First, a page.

Beijing, 24 June 2019 – This June, for UNICEF’s first-ever global Parenting Month, we are celebrating caregivers for all that they do and are recognizing that the earliest years with children are chaotic and crazy, joyful, messy and rewarding all at once. Instead of striving for ‘perfect moments’ or trying to be the ‘perfect parent’, UNICEF encourages caregivers to embrace all time spent with babies and to remember that every moment devoted to providing the nutrition, stimulation and protection – or more simply eat, play, love – is helping babies thrive during these earliest years.
“We must acknowledge that parenting during the early years is not only beautiful, but also challenging, and that every moment with babies won’t be perfect. You won’t always know the right answer, and that’s alright,” said Cynthia McCaffrey, Representative of UNICEF China. “Parents aren’t perfect, babies aren’t perfect, caregivers aren’t perfect. Appreciate these precious early days for all that they are and know that by providing babies with the basics of nutrition, protection, love and stimulation, you’re setting them up to thrive.”
To raise awareness about the importance of early childhood development during the earliest years, under the theme of ‘Parenting is Not About Perfection', UNICEF is releasing a short video and asking all caregivers to share their experiences and photos of ‘imperfect moments’ through our online channels Weibo and WeChat. The #Parenting is Not About Perfection Weibo campaign is launched today, June 24th through July 5th and is a joint cooperation between UNICEF and Micro Platform for Public Welfare.
Why Early Moments Matter
Between birth and the age of five, children’s brains grow rapidly – at a once-in-a lifetime speed of more than one million new neural connections every second. It’s during this time that children develop the foundation on which they will build intellectual, social and emotional skills to acquire and understand knowledge, form beliefs and attitudes, and make decisions.
Early childhood support in nutrition, health, education, child protection and social welfare systems – all of which help optimize brain development – have longstanding ramifications for individuals and nations. This is what we refer to as early childhood development or ECD.
Early Childhood Development in China
Globally, over 249 million children under the age of five, of which 17 million live in China, were estimated not to have fulfilled their full potential because of early adversities related to poverty, poor health, nutrition and care.
Global evidence indicates that access to high quality early childhood care is critical, whether its provided by family members, caregivers in community or facilities. A loving and nurturing environment can weaken the effect of adversities that children might face as a result of poverty or other social conditions.
In China, most children under three years of age are under the care of their mother or a family caregiver. Despite a greater number of women joining the workforce, mothers and the elderly take on most of the responsibility as caregivers and young women often take on dual responsibilities of full-time work and childcare. In this environment, the demands for childcare services are as high as 33.3 per cent in 2016, while the proportion of children receiving formal, paid child care services was 5.55 per cent according to the latest surveys conducted by the National Health Commission (NHC).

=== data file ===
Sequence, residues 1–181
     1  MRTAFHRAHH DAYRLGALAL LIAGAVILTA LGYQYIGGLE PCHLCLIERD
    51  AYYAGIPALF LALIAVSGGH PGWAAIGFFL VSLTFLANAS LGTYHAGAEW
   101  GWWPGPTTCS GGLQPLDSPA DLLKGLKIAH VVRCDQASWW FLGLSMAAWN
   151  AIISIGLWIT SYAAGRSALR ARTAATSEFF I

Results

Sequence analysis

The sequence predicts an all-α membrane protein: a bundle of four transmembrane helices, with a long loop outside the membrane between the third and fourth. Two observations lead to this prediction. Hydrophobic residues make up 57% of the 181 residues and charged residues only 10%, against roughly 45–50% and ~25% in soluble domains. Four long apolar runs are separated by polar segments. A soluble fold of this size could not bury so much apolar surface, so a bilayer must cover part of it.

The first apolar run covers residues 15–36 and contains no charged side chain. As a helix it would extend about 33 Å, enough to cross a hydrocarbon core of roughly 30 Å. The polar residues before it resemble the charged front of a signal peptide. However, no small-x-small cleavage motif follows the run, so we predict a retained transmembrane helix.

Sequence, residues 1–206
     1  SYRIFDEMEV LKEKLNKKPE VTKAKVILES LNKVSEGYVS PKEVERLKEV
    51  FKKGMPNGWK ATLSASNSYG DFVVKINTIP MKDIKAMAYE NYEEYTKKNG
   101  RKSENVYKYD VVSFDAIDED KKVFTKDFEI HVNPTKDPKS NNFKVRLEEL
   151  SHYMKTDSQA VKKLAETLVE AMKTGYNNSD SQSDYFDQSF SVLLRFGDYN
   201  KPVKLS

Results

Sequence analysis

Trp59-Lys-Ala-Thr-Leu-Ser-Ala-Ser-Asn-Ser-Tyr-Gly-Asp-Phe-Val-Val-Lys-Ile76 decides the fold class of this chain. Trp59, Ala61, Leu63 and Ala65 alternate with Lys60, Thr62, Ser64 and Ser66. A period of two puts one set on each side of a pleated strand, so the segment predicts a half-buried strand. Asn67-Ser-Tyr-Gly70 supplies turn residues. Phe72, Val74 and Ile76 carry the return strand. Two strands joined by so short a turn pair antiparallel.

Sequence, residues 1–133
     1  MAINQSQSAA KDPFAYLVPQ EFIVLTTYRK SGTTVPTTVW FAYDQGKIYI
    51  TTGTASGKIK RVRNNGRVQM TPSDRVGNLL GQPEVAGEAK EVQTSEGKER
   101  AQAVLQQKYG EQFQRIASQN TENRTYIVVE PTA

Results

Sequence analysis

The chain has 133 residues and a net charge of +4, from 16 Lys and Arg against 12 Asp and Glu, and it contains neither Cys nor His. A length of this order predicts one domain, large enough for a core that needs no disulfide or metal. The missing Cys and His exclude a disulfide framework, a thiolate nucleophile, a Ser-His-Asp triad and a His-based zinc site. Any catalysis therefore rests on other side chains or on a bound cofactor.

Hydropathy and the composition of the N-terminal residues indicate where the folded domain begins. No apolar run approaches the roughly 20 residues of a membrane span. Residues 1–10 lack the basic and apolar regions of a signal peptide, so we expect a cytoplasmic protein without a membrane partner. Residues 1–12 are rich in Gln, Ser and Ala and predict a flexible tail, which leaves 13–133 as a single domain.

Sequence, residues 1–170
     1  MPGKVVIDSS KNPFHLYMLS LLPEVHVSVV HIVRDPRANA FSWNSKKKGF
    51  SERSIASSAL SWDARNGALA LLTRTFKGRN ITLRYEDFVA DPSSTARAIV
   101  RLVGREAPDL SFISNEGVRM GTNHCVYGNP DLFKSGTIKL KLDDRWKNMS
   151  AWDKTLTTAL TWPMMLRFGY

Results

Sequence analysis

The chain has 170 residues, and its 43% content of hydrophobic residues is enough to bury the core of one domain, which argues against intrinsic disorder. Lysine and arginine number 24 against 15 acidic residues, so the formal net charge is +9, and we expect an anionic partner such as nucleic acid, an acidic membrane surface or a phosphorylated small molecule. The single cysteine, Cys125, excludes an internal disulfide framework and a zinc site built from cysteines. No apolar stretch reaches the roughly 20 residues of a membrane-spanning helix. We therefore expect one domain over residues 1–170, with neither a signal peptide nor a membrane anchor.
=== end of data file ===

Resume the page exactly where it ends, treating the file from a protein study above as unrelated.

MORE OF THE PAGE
Given these population and demographic changes, the Government of China has attached great importance to the development of childcare centers that can deliver high quality care to improve early childhood development. The government’s development goals focus on the establishment of more early childcare centers, standardization of care and quality within these centers and supporting families and communities to be primary care providers of early childhood development for children aged 0-3. This new initiative is urgently needed in both urban and rural settings, for children from all economic strata, and including children of all abilities.
Access to improved early childhood development support and care should be universal, whether its provided at home, through communities or facilities. As a shared responsibility, UNICEF calls on government and industry to embrace its action plan:
UNICEF’s six-point call to action on early childhood development:
- Invest urgently in services that give young children, especially the most deprived, the best start in life.
- Expand access to effective early childhood development services in homes, schools, communities and health clinics.
- Make family-friendly early childhood development policies a national priority – and a private sector imperative.
- Drive demand for quality early childhood development services.
- Collect data on indicators of early childhood development and track progress in reaching the most deprived.
- Provide dedicated leadership for early childhood development programmes and coordinate efforts more effectively across sectors.
For Parenting Month, UNICEF China has launched a new UNICEF Parenting Site. This is a resource for parents and caregivers, providing practical, expert, unbiased guidance to help them do the important work of parenting. The site contains valuable articles on child development, nutrition and breastfeeding, health and medical resources, education and more.
UNICEF works in some of the world's toughest places, to reach the world's most disadvantaged children. Across 190 countries and territories, we work for every child, everywhere, to build a better world for everyone.
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